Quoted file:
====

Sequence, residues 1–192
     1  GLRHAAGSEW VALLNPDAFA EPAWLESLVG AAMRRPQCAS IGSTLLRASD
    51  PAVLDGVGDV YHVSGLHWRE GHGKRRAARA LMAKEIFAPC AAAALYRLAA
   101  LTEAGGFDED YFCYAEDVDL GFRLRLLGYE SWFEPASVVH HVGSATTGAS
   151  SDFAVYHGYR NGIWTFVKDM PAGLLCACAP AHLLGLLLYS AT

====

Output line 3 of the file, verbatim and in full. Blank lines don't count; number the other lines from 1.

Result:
    51  PAVLDGVGDV YHVSGLHWRE GHGKRRAARA LMAKEIFAPC AAAALYRLAA